Suz's Reviews > Double Time

Double Time by Olivia Cunning
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's review
Feb 06, 13

bookshelves: erotica, romance, arc, to-review
Read from September 19 to 24, 2012

2.5 stars. Part 1 of a 2 Book ARC review as seen at Paperback Dolls blog:

Olivia Cunning’s Sinners On Tour series is, simply put, one of the hottest series in Erotic Contemporary Romance you can get. The series centers around an up-and-coming rock band and, in typical romance series format, each book is the story of one of the members of the group. Although each book is stand-alone, as we move through the series we learn more about all of the members and develop a kind of relationship with each of them.

Part and parcel with these stories is smokin’ hot sex to the nth power. Because it’s erotic romance there is so very much sex that I sometimes get bored with these books, but that is a reflection on me and not on the skill and creativity with which the scenes are written. I tend to prefer more story with my one-handed reads and there is only so much space in a book. The very nature of “erotic romance” dictates that a significant portion of the page space is devoted to the “erotic.” It might be relevant that sexually there is no new ground covered for me in these things, although many readers will find them outrageously edgy with multiple partners and alternative lifestyles and approaches. Your mileage may vary.

What Cunning has done, however, is put together a very attractive idea with compelling characters that make you want to spend more time with them and peel back the layers. In my opinion, this is Cunning’s real talent, but don’t let me suggest to you that her erotica is anything but sizzling and creative.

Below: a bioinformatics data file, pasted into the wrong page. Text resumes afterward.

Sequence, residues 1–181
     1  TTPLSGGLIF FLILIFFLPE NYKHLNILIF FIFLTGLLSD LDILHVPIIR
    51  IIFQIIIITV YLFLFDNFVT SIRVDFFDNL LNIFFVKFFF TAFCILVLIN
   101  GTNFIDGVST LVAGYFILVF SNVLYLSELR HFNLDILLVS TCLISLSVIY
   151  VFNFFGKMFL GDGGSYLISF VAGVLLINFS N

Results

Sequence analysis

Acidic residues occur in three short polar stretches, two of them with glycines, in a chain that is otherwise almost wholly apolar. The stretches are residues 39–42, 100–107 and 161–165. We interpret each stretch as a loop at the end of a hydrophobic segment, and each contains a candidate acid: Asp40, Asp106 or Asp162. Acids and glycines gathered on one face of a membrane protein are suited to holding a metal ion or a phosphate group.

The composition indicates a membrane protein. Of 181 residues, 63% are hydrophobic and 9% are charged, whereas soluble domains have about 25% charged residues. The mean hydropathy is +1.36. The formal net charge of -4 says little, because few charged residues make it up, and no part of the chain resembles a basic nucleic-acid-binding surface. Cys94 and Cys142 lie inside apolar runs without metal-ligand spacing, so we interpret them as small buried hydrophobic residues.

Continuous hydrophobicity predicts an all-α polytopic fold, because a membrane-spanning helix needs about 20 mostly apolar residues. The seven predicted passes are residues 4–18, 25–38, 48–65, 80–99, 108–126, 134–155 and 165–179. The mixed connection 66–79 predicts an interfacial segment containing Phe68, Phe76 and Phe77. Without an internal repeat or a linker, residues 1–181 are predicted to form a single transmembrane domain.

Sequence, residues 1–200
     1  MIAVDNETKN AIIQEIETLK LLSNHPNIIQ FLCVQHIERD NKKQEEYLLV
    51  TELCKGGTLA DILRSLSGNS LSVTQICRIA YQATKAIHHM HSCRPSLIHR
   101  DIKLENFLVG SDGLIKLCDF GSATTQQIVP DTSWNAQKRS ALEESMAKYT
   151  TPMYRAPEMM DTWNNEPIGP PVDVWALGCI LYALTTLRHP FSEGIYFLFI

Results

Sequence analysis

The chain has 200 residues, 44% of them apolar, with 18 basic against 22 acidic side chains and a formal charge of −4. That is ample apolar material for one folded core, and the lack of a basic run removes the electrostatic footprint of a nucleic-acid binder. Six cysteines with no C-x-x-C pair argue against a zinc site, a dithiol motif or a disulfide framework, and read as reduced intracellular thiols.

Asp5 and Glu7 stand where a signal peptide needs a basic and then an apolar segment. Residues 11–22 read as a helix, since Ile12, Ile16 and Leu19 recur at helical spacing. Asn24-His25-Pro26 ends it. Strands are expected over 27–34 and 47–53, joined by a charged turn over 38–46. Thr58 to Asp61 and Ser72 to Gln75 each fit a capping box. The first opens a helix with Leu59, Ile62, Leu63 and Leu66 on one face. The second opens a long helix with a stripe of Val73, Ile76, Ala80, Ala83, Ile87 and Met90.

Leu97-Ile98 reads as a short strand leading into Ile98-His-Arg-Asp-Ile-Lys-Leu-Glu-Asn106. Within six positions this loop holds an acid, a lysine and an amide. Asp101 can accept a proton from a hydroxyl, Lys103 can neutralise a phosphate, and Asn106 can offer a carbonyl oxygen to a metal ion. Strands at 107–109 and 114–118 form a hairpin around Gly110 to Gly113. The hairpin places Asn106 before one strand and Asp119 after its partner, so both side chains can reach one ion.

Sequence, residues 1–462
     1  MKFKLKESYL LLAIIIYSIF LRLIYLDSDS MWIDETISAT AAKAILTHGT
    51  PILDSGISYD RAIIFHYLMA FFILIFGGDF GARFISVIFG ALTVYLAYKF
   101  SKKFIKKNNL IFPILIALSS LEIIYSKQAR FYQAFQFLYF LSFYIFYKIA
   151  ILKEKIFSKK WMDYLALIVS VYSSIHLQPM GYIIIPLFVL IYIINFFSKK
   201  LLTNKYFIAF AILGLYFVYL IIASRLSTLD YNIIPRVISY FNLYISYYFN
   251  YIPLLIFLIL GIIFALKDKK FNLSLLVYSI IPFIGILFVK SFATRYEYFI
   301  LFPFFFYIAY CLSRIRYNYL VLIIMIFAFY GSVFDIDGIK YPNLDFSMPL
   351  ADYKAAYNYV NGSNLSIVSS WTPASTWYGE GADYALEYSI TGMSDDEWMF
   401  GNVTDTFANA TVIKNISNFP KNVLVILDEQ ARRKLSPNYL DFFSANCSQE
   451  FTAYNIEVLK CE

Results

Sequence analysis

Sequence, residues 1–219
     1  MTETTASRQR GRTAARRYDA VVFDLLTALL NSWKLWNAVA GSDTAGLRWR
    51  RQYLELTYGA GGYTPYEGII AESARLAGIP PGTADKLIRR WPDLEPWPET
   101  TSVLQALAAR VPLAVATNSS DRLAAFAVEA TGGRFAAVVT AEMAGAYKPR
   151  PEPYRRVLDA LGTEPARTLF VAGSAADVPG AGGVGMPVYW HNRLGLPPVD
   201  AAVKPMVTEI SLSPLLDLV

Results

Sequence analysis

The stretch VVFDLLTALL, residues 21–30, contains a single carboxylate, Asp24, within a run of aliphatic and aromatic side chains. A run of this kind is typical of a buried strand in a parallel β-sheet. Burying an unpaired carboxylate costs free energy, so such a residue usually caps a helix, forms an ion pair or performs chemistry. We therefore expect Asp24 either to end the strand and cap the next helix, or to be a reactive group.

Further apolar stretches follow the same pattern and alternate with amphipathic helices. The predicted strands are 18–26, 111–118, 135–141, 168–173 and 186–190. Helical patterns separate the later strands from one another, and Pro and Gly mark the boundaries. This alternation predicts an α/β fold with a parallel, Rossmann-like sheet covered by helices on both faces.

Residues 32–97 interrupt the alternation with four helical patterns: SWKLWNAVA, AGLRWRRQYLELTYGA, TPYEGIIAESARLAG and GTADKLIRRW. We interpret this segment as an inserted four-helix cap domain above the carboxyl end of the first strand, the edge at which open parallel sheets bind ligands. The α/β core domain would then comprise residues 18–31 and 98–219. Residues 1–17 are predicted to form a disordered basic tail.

In Double Time we are taken along with bassist Trey Mills who is bisexual and nursing the broken heart of unrequited love, having spent most of his life in love with his best friend, Sinners’ lead guitarist and song writer Brian Sinclair. We met Brian in Backstage Pass, Book 1, so by the time we get to Trey’s book his feelings for Brian are well known to us.

Trey meets guitarist Reagan Elliot and is swept off his feet, wanting nothing more than to spend the rest of his days in a monogamous relationship with Reagan – until he meets Reagan’s best friend and ex-boyfriend, Ethan. Reagan loves Ethan but she caught him with a man and broke up with him because “he’s gay.” Turns out he’s not gay, he’s bi and he still loves Reagan, too.

From here let me jump to the part that was so distractingly difficult for me to stomach that it cast a shadow across the entire book. Something that is very personal for me and because it’s personal I wasn’t sure I could write a review that didn’t reflect my personal displeasure. That is why it’s taken me this long to write this review, in spite of having read this ARC last October.

I am bisexual and have been for the better portion of forty years. It is a very common, and erroneous, stereotype that bisexuals can’t be committed and monogamous because they will always be yearning for the flavor they aren’t getting. It’s beyond erroneous, it’s down right insulting. I’ve known a lot of bisexual people in my life and I have never known one who couldn’t commit to one person because of their gender. The entire notion suggests that our sexuality is based on physical urges. Not only is that a ridiculous assumption but in my experience bisexuals are less likely to base their relationships on physical urges because the issues with plumbing are just not a big deal to them, they are most interested in who the person inside is. The patently false assumption that bisexuals are by default promiscuous is a stereotype born of ignorance. I’m not saying that bisexuals can’t also be polyamorous or even cheaters, I’m saying that their sexuality is not so torn that they “have” to have both, not unless they choose that. It’s not a biological imperative.

The entire conflict in Double Time is about two bisexual men who can’t be happy unless they have both genders in their bed, and the confused and ignorant woman who can’t conceive of the idea of a bisexual man that both men want.

The band premise is entertaining. The sex is always hot. The characters, for the most part are compelling and draw you in. The love story is ignorant bullshit that panders to common misconceptions.

I really don’t have much else to say about Double Time.

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